Shrouds of the Somme

Somerset County Council’s Chair of Somerset Armed Forces Community Covenant Cllr Christopher Le Hardy is championing the work of a Somerset artist who has created 19,240 wooden shrouded figures to represent each of the soldiers that died on the first day of the Battle of Somme.

To mark the centenary of WW1 artist Robert Heard from Watchet handmade the figures that will be displayed in an exhibition taking place from 1-7 July at Northernhay Gardens in Exeter.

Each of the 19,240 soldiers who died during the first day of battle have been represented by a 12 inch figure, wrapped and bound in a hand-stitched shroud and arranged in rows on the ground. The purpose of this work is to physicalise the number of men lost, and to illustrate the enormity of the horror which unfolded.

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Artist Rob Heard began the project on his own in December 2013, making 500 prototype figures to see what the visual impact of that would be and to see if he could get anyone to support his project. Since then he has been concentrating on successfully creating partnerships and gathering support to make the project happen. In early December 2015 Rob began the arduous process of making the rest of the figures to reach his target of 19,240 in time for the public display of the artworks on the centenary of the Battle of the Somme on the 1st of July 2016. He has spent over 5,500 hours of labour to create the display.

During the creation process Rob referred to a list of names of all of the British soldiers who fell on the first day of battle. Each figure is associated with a name so that each soldier is individually acknowledged and remembered.

Rob Heard explains; “As I worked my way down the list, crossing off one name each time a soldier was created I was able to reflect on their individual experience. I created the figures unaided, cutting and hand-stitching their calico shrouds, covering and binding them and as I worked I began a ritual of creation, remembrance and personal introspection.”

“The soldiers took on their own form, twisting and bending into their own unique shape – not only representing the dead – but death itself,” Rob adds.

Cllr Christopher Le Hardy said; “The sight of the figures both individually and collectively presents a poignant and provocative experience for the viewer, and allows for a moment of reflection about the physical reality of the war. The exhibition in Exeter will take on a space the size of a football pitch which brings home the enormity and scale of the lives lost in just one day. I urge everyone to visit the shrouded figures if possible so we do not let these men go unremembered.”

Prior to this art project, Rob worked primarily in wood, creating intricate ‘Bough House‘ sculptures which his three young daughters refer to as ‘Fairy Houses’. These have been displayed in galleries throughout the UK and are robust enough to be used as toys or simply admired as incredibly intricate artworks. Following a car accident in 2013, Rob injured his right arm so badly that he was unable to continue with such detailed, physical work. This incident was followed by a very dark period for Rob. He became concerned about how he could continue creatively as he adjusted to the continuous physical pain and limited mobility in his hand. During this bleak time, he thought of others who were worse off than himself – those returning from current conflicts without limbs or with mental or emotional trauma and he reflected on the impact of war both on individuals and humanity. As the centenary of the First World War approached Rob considered the importance of illustrating the true impact of the conflict. He devised a new outlet for his creativity which could be achieved within the abrupt limitations of his physical ability – embarking on the two year journey to create this large scale artwork.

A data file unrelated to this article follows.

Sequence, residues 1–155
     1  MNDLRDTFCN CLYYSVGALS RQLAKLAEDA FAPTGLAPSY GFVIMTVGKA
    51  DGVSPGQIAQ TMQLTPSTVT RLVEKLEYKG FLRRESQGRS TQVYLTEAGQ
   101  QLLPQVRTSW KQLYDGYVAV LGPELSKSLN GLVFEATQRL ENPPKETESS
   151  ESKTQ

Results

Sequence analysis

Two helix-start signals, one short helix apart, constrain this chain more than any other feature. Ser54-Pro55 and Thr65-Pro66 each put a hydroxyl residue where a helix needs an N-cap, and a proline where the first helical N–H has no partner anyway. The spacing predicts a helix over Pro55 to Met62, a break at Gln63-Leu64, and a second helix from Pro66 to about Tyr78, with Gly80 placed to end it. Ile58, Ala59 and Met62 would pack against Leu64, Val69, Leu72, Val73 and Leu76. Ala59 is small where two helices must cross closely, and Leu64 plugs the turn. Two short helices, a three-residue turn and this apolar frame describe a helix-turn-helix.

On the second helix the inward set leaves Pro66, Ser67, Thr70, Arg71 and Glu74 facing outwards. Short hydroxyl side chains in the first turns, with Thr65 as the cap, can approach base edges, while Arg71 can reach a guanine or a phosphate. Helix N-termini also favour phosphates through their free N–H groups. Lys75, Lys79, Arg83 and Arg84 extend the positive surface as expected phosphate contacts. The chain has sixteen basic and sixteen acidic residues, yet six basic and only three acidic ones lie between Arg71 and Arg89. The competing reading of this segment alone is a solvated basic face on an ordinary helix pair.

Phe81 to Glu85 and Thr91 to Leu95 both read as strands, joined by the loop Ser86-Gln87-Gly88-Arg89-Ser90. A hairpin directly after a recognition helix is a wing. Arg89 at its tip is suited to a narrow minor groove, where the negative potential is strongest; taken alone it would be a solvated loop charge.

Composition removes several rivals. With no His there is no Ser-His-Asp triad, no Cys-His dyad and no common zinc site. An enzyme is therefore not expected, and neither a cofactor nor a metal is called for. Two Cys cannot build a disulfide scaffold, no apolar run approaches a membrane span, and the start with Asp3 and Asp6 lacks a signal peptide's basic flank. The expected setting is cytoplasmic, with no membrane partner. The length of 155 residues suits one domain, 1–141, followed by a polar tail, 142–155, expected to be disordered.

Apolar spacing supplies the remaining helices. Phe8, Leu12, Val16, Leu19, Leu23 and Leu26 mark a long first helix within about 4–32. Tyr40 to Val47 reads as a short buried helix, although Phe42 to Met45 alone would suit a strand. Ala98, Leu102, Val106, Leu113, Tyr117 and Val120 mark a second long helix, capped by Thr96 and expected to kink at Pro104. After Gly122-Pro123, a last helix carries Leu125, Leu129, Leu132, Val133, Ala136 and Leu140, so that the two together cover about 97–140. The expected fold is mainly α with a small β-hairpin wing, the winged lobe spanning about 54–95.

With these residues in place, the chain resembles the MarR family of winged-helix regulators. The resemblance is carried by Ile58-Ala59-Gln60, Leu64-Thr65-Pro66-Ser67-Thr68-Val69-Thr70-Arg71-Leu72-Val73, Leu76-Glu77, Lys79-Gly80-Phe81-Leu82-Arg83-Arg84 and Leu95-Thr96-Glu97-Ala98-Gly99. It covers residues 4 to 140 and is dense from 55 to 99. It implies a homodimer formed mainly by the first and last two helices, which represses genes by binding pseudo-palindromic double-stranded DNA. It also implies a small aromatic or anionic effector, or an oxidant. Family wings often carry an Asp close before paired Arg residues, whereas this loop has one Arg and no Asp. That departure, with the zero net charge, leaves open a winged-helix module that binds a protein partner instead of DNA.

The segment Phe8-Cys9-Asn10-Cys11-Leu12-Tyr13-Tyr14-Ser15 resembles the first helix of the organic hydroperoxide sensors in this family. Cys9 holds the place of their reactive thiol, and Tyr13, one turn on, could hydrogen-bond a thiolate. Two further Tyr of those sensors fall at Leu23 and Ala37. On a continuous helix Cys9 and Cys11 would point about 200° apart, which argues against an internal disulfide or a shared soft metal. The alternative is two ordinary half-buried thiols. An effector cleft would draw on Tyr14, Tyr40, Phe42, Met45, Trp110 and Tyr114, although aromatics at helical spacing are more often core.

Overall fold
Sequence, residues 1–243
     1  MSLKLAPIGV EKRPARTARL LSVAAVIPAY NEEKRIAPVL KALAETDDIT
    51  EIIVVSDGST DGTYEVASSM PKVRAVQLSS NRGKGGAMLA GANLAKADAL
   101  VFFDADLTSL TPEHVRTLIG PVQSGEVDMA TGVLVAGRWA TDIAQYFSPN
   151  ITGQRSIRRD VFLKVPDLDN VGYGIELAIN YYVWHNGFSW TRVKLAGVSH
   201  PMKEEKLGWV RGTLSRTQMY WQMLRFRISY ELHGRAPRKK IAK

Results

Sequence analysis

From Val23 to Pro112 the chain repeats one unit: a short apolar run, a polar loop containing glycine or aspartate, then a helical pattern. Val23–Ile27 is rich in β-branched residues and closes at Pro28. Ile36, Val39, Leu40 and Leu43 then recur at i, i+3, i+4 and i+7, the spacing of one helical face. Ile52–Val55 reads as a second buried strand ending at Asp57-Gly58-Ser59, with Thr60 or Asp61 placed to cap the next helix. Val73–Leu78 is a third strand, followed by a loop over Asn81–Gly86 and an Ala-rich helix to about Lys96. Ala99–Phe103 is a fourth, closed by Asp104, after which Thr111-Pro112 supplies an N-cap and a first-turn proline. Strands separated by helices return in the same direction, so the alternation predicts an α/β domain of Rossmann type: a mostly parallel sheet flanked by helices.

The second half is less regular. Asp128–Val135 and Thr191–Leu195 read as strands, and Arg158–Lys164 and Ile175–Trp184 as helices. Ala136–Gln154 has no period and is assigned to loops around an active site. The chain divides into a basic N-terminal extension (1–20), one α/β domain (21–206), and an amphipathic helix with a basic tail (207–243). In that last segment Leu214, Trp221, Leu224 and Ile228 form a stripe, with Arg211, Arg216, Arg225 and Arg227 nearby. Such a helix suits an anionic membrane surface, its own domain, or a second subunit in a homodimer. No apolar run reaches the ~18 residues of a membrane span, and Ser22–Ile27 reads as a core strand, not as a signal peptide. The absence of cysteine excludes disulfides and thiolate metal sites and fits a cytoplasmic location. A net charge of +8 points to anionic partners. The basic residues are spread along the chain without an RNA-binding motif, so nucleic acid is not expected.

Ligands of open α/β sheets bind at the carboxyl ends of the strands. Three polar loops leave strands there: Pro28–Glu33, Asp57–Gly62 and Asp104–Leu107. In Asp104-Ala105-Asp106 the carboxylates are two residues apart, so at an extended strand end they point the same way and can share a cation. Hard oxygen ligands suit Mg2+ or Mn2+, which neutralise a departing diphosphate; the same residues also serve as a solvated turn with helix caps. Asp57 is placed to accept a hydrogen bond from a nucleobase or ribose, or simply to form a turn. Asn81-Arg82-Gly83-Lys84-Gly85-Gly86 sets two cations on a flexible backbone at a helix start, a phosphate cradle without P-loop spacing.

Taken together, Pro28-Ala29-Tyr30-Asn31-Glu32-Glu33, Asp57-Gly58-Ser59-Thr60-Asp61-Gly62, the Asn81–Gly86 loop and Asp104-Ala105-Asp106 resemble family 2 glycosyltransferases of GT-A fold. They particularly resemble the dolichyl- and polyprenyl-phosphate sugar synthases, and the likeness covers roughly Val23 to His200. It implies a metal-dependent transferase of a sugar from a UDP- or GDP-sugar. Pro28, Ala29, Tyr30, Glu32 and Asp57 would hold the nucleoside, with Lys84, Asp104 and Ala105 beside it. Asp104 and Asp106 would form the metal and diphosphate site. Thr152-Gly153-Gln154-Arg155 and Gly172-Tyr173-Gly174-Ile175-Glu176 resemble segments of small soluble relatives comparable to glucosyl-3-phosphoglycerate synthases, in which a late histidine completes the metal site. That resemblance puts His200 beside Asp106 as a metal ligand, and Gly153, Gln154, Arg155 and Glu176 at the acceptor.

The Battle of the Somme lasted for 141 days and was designed to drain the reserves of Germany and her allies as well as to relieve the French Army following the Battle of Verdun in February 1916. It was the biggest battle on the Western Front. British killed and injured on the same day were 57,470. The whole battle cost over one million killed and injured on both sides, making it one of the bloodiest battles in human history. The battle is notable for the importance of air power and the first use of the tank.

At the end of the battle, British and French forces had penetrated 6 miles (9.7 km) into German-occupied territory, taking more ground than in any of their offensives since the Battle of the Marne in 1914.